Sequence Models and the RNN API (TensorFlow Dev Summit 2017)

By: Google Developers

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Uploaded on 02/16/2017

In this talk, Eugene Brevdo discusses the creation of flexible and high-performance sequence-to-sequence models. He covers reading and batching sequence data, the RNN API, fully dynamic calculation, fused RNN cells for optimizations for special cases, and dynamic decoding.

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Comments (5):

By greato    2017-09-20

Using tf.scan is a bad idea.

scan implements strict semantics so it will always execute the same number of timesteps no matter what the accumulator is (nan).

while_loop implements dynamic execution (quit once cond is not met) and at the same time allows parallel execution when some ops are not dependent on accumulator.

If you read the code for `dynamic_rnn` and contrib.legacy Seq2seq model you'll find while_loop. I have yet to see tensorflow library code using tf.scan anywhere!

Also, internally, scan is defined using while_loop. In my code, I find scan lacking in RNN and always have to fall back to while_loop.

Here is video of a talk by the RNN/Seq2Seq author himself:

https://youtu.be/RIR_-Xlbp7s?t=16m3s

Original Thread

By anonymous    2017-09-20

You have to keep in mind that TensorFlow is, as far as the user is concerned, "just" a machine learning API. People may happen to use it for image classification - the 2017 Dev Summit showed medical use cases in skin cancer detection and retinal imaging - but all the topics of supervised and unsupervised machine learning are candidates for TensorFlow, just like they are for any other ML library; regression of sales by advertisement budget, clustering of users in a social network and recommending books based on previous purchases via collaborative filtering, just to name a few.

If you heard about the recent self-driving car projects, think about obtaining steering wheel and brake control commands from a live camera feed. NVIDIA had a paper on it, for example.

One rather interesting use case are sequence to sequence models to transform one arbitrary sequence of inputs to another one; according to this video, Google Translate might be taking advantage of it on the phone. If you're thinking of image and video retrieval, sequence labelling is another topic, where you train a network to describe, in human words, the content of a video. Or even natural language processing, where you try to determine the concepts within written text.

There are also papers like this describing the usage of recurrent models like LSTMs for energy usage prediction (Note the paper isn't specific to TensorFlow, but LSTMs are part of the core library). Here are slides on electricity price forecasting with TensorFlow, if you're interested in it.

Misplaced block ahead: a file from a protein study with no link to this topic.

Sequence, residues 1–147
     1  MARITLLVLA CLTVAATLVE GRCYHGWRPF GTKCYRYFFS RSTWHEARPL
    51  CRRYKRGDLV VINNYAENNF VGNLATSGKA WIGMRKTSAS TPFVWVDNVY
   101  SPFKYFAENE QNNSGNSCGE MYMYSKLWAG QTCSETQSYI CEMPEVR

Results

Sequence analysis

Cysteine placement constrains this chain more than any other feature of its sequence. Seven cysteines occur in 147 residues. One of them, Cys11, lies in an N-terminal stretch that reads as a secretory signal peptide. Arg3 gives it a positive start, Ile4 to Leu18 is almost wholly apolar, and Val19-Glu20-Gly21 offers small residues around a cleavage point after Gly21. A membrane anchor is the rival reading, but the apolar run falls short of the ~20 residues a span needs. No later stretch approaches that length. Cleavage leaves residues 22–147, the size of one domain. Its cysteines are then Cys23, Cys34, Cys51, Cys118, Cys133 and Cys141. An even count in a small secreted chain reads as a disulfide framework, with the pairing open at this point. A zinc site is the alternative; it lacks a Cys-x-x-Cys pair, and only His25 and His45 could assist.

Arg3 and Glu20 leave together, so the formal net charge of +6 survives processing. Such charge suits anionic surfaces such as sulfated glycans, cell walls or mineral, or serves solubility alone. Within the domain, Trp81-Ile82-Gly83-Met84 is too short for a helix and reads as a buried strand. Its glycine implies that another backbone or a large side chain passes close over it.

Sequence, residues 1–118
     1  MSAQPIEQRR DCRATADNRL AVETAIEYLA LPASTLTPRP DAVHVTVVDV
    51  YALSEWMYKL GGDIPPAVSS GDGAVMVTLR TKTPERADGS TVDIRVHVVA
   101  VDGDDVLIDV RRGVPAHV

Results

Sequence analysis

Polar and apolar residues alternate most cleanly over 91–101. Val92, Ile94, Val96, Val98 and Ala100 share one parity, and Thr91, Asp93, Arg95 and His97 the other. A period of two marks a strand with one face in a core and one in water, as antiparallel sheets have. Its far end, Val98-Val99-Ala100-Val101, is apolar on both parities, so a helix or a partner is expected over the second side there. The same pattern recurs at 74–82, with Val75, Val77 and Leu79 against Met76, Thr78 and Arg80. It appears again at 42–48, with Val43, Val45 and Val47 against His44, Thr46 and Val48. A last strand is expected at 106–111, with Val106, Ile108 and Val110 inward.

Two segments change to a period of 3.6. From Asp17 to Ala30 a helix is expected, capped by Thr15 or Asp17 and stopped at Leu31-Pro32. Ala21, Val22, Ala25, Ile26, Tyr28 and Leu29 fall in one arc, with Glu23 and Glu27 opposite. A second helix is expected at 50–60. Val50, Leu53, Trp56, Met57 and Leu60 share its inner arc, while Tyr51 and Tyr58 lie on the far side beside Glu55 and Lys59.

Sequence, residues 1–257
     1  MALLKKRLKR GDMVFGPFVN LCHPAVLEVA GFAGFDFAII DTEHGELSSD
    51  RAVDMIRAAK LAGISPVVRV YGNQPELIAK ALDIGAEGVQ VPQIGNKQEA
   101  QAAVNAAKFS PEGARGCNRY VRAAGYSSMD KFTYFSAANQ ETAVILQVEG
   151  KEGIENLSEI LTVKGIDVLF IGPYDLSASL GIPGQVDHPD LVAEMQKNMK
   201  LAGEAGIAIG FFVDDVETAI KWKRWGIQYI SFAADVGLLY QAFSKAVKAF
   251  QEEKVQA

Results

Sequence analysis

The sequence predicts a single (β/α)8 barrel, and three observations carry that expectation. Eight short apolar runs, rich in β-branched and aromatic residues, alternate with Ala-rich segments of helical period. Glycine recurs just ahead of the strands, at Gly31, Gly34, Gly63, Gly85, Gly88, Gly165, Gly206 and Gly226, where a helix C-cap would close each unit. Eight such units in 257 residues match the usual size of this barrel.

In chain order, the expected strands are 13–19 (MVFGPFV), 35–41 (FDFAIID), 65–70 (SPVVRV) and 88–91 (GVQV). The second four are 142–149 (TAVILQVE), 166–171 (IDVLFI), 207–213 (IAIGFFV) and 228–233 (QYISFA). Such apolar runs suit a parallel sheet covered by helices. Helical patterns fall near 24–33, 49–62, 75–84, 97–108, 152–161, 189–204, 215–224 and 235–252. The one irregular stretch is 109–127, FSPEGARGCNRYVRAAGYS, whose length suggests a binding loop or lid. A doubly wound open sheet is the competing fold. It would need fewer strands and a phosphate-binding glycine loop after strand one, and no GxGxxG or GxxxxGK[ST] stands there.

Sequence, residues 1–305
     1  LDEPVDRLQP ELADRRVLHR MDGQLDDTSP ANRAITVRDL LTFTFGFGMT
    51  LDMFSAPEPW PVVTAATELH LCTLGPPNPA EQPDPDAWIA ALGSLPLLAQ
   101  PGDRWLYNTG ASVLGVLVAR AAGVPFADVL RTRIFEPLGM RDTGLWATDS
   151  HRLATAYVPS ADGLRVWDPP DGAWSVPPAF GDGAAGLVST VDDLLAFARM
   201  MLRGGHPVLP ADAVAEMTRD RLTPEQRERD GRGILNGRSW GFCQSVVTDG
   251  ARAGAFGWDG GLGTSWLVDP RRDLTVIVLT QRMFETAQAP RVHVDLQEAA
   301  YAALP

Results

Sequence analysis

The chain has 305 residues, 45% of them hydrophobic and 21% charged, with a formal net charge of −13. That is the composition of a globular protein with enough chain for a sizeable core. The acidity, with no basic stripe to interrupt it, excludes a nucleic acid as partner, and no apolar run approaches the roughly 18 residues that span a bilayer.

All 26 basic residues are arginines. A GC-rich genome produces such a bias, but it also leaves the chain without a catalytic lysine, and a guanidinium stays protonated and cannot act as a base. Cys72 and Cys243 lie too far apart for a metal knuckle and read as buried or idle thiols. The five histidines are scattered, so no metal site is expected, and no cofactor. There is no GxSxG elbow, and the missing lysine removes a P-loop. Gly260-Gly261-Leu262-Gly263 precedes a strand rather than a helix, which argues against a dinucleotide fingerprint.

Original Thread

By anonymous    2017-09-20

I do not know the dataset but I think that you problem is the following: you have a very long sequence and you want to know how to shape this sequence in order to provide this to the network.

The 'tf.contrib.rnn.static_rnn' has the following signature:

tf.contrib.rnn.static_rnn(cell, inputs, initial_state=None, dtype=None, sequence_length=None, scope=None)

where

inputs: A length T list of inputs, each a Tensor of shape [batch_size, input_size], or a nested tuple of such elements.

So the inputs need to be shaped into lists, where each element of the list is the element of the input sequence at each time step.

The length of this list depend on your problem and/or on computational issues.

  • In Natural Language Processing, for example, the length of this list can be the maximum sentence length of your document, where shorter sentences are padded to that length. As in this case, in many domains the length of the sequence is driven by the problem
  • However, you can have no such evidences in your problem or still having a long sequence. Long sequences are very heavy from a computational point of view. The BPTT algorithm, used to optimize this models, "unfolds" the recurrent network in a very deep feedforward network with shared parameters and back propagates over it. In this cases, it is still convenient to "cut" the sequence to a fixed length.

And here we arrive at your question, given this fixed length, let us say 10, how do I shape my input?

Usually, what is done is to cut the dataset in non overlapping windows (in your example, we will have 1-9, 10-19, 20-29, etc. What happens here is that the network only looks a the last 10 elements of the sequence each time it updates the weights with BPTT.

However, since the sequence has been arbitrarily cut, it is likely that predictions need to exploit evidences that are far back in the sequence, outside the current window. To do this, we initialize the initial state of the RNN at window i with the final state of the window i-1 using the parameter:

initial_state: (optional) An initial state for the RNN.

Finally, I give you two sources to go into more details:

  1. RNN Tutorial This is the official tutorial of tensorflow. It is applied to the task of Language Modeling. At a certain point of the code, you will see that the final state is fed to the network from one run to the following one, in order to implement what said above.

    feed_dict = {}
    for i, (c, h) in enumerate(model.initial_state):
      feed_dict[c] = state[i].c
      feed_dict[h] = state[i].h
    
  2. DevSummit 2017 This is a video of a talk during the Tensorflow DevSummit 2017 where, in the first section (Reading and Batching Sequence Data), it is explained how and using which functions you should shape your sequence inputs.

Hope this helps :)

Original Thread

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